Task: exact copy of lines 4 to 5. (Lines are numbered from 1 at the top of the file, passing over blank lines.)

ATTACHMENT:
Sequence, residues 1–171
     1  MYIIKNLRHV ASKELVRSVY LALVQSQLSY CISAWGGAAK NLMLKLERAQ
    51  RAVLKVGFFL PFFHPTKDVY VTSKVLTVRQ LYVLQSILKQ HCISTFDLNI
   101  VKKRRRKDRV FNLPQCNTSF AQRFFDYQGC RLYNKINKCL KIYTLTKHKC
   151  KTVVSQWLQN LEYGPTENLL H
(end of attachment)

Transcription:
   101  VKKRRRKDRV FNLPQCNTSF AQRFFDYQGC RLYNKINKCL KIYTLTKHKC
   151  KTVVSQWLQN LEYGPTENLL H